Five Questions For … Surgeon, Inventor, Musician William Cohn

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be creative. When you do a trick stylistically, you have to make it seem right for you. You have to invent how you’re going to go about doing that. There’s a lot of creativity in the mechanics of trick designing that’s similar to heart surgery. You have to learn a set of very focused moves, and move strictly with precision.

It takes discipline to get it perfectly done. People are standing all around and you still have to get away with it. Of course, there’s no sleight of hand in the operating room.

X: Who is the best musician you’ve played with?

WC: I played some gigs with Mick Fleetwood; he’s really good. Locally, I’ve played with Ezra Charles in his band for a number of years; Dr. Rockit; Herschel Berry. All the great Houston blues musicians.

I’m very fortunate I can leverage my physician status to get me into playing with bands that otherwise wouldn’t have anything to do with me. Being a heart surgeon has gotten me musical opportunities.

X: You’ve had many entrepreneurial successes. What has been your greatest failure?

WC: That’d be hard to say since I’ve had a lot of failures. I’m proud of every one of them. We learn from failure more than we do from our successes. Some of the things you could count as failures aren’t yet complete—I’m not counting them down and out. They failed and stay failed for several years. But then you revisit them and create value from them.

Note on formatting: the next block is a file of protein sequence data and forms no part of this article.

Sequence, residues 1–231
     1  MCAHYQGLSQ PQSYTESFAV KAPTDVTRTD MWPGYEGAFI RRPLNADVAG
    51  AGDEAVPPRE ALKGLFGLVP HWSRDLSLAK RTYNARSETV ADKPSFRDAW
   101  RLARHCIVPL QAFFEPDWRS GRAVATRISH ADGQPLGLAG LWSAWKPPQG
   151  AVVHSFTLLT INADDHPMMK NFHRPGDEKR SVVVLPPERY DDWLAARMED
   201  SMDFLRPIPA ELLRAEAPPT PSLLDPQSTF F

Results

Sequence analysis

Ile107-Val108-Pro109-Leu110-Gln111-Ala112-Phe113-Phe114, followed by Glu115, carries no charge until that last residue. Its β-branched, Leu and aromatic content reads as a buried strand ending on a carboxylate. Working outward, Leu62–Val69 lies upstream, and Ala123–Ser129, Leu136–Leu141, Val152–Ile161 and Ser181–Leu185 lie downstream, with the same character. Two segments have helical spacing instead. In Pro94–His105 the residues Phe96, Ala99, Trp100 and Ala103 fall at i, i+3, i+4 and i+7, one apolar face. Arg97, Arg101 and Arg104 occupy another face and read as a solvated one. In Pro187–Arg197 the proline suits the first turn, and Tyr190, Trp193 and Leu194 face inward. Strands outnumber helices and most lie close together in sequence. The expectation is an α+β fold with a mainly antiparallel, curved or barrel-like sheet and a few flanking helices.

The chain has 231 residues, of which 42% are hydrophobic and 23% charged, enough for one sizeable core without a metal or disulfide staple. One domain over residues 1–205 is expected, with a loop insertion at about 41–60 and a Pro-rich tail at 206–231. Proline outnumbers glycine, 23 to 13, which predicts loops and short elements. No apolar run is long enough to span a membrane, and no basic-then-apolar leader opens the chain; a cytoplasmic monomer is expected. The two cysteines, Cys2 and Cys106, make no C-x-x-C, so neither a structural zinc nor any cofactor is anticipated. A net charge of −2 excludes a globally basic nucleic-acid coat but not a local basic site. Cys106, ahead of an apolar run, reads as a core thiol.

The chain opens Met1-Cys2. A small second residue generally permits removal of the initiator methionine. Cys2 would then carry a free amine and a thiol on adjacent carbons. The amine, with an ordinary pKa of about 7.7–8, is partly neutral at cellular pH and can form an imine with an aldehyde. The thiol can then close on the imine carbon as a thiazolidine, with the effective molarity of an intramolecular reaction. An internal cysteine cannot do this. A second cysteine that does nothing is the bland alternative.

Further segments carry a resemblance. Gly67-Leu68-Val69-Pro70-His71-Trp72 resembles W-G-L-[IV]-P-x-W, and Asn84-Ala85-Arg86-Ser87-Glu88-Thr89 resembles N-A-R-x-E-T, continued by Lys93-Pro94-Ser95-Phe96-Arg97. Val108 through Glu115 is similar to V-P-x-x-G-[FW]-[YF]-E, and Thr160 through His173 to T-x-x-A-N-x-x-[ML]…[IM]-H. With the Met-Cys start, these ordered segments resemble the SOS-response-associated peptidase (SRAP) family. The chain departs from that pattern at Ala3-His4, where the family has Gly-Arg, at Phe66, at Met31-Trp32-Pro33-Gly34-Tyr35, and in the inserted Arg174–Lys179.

I would say my greatest failure is probably not knowing about opportunities I missed, people I should have worked with. Those are the biggest tragedies. The companies that I’ve done that haven’t succeeded consumed a lot of time and other people’s money, but I wouldn’t count them as failures.

Failure is part of the journey. You want to do it frequently and rapidly. Ideally, you fail cheaply as well. If you fail and consume a lot of time and resources, that’s not ideal. It’s only a permanent failure once you give up. If you still think there’s something that’s doable, roll your sleeves up, surround yourself with smarter people, and do it.

X: What are you going to be when you grow up?

WC: I dread the day; I don’t know. I just want to keep doing what I’m doing now. I’m having so much fun, surrounded by really cool people. We have meetings—I’m the dumbest guy there. I just think, God, I hope they don’t call on me. That should be everyone’s highest goal: surround yourself with brilliant people.


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